What is relevant for us on our adventure to discover ways to structure and run our organisations is that there is no one truth. There is no one narrative that rules all others. Every one of us builds or ‘constructs’ our reality based on the available information to hand. Working together to solve problems and thrive in today’s complex world requires us to continually adjust and emerge what is.

This is a fundamental shift from the Age of Independence where we are free to discover the one truth. In the Age of Interdependence, we are combining multiple truths to create a new partial collective truth that gives us a chance to motivate, collaborate, and succeed.

It has a fundamental impact on behaviour because it makes everyone’s truth relevant and important, not only those with privilege. The requires a deep inner shift from the expert mindset that values facts and data as the primary source of information, to the constructionist mindset that says facts and data are just one voice of the system or organisation.

Parallels with other models

For those of you who are familiar with the Integral Model from Ken Wilber, it is largely balancing the quadrants and finding a much deeper skillset in the WE space. The best book on the integral model and organisational change is the recent book by my good friend Michael Spayd called Agile Transformation.

For those of you who are familiar with the application of spiral dynamics made popular in the book ‘Reinventing Organisations’ by Frederic Laloux it is partly learning how to adjust ourselves so that Teal and more advanced organisational consciousness can arise.

For those who are familiar with Large Scale Scrum and the work of Craig Larman and Bas Vodde, then is about creating an environment where these organisational optimisation techniques can be readily assimilated, owned, and run as experiments for change.

If you are familiar with Torbert’s work on Action Logics it is moving beyond the ‘facts against world’, ‘Expert’ or ‘Scientist’ mindsets to higher states of operating where we can be comfortable and thrive with multiple world views at the same time and know that everyone is right but only partially.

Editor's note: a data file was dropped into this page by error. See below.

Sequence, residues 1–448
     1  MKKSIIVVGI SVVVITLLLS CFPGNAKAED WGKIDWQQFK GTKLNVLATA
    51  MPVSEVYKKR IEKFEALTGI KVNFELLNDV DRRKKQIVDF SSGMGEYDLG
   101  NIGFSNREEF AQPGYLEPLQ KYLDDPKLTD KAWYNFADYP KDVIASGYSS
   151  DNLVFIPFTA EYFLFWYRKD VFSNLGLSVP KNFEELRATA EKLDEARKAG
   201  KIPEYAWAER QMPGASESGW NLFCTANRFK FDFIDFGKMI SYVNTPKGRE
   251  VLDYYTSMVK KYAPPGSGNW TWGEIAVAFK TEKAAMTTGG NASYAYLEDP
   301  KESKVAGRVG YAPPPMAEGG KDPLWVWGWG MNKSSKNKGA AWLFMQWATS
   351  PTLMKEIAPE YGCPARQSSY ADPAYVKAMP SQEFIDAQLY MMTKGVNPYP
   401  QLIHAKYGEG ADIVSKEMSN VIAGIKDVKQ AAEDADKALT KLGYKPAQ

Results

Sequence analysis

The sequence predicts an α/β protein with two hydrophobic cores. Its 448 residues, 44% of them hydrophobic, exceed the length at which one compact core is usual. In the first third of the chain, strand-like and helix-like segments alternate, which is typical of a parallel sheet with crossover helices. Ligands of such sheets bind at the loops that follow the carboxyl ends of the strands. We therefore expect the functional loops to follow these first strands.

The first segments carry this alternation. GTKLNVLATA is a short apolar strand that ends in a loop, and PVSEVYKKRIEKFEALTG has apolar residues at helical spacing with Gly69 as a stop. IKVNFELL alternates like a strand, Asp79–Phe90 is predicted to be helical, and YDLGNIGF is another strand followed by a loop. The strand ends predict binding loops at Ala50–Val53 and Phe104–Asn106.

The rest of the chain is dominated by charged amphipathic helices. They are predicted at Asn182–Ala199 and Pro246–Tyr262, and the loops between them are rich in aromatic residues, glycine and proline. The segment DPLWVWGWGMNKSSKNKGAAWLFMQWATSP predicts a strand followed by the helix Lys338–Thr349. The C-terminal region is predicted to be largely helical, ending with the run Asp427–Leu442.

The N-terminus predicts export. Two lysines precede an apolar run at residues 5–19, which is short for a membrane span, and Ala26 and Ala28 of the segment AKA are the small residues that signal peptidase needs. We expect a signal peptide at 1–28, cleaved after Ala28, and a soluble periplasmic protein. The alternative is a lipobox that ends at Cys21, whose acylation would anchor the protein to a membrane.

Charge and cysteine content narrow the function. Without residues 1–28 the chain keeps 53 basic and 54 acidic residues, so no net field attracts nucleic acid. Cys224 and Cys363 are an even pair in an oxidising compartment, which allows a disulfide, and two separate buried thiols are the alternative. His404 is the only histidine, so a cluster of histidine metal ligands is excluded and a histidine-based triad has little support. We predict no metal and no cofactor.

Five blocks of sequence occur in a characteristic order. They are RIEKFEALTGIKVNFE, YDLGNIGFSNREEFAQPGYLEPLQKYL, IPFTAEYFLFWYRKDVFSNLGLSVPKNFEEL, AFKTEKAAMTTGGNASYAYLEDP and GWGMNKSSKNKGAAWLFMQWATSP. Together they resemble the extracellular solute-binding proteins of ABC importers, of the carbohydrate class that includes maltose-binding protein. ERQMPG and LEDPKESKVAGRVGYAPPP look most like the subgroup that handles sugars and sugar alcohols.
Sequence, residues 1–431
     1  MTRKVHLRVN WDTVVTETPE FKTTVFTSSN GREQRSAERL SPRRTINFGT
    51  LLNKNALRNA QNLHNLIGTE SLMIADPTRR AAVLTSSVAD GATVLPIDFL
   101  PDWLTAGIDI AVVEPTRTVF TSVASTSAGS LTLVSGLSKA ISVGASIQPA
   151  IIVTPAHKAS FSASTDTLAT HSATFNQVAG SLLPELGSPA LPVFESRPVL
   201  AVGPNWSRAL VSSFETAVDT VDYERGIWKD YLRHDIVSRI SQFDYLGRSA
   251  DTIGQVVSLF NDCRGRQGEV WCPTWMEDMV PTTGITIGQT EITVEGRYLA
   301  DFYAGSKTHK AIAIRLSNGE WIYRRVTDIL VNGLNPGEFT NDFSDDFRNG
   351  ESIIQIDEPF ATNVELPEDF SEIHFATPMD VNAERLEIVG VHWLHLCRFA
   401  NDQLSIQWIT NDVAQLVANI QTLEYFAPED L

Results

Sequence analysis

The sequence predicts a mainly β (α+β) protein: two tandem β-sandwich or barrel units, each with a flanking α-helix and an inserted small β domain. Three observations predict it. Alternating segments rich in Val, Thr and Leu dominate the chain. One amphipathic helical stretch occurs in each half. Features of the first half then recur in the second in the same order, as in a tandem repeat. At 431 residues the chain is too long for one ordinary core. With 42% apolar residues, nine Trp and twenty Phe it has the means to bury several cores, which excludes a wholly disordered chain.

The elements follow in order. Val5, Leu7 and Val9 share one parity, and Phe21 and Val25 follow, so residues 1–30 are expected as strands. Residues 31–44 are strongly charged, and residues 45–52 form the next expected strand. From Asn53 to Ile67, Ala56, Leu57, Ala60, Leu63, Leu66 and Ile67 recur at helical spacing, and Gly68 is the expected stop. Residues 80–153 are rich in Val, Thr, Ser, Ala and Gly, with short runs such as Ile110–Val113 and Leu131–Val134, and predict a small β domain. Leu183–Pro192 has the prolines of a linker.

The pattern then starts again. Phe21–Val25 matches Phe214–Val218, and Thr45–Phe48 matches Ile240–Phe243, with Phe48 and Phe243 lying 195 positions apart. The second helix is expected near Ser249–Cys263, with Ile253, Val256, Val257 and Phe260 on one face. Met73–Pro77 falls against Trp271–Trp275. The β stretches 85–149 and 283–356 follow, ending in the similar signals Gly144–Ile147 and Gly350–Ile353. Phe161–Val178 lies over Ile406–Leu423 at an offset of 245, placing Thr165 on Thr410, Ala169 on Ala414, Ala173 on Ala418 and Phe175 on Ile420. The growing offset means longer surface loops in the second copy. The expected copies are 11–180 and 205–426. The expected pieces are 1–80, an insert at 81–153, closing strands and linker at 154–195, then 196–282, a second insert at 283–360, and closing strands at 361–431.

Why the word interdependence?

As complexity has increased, we once again find we are dependent on each other to solve our problems, but the difference is that now we have a choice about how we co-operate and how we see the truth. We are both independent and also dependent.

For example, our ability to choose what we eat (independence) is juxtaposed to our completely dependent state on large global supply chains for our food to actually get to us.

Another example is climate change. We are individually free to burn fossil fuels, however, this large-scale individualistic behaviour causes problems that can only be solved together. We find once again through our independence we are dependent on each other for our future survival. Everyone has to change the way they are being independent to survive. We are dependent on lots of individual choices.

As we start to see ourselves as locked into a complex web of interdependent systems and people, we can either feel hopeless and out of control, or we can shift our consciousness so that we balance the needs of individuals with the needs of the system in which we live. This is necessary for organisational culture change to enable customer driven product and service delivery as much as it is for survival on this planet.

In order for us to make this shift, we must drop our egocentric view of our identity based upon status, capability, and job role, and instead, embrace the equality of each person’s needs and opinions, include every voice, and find a way to take action collectively.

We optimise to the scope of our identity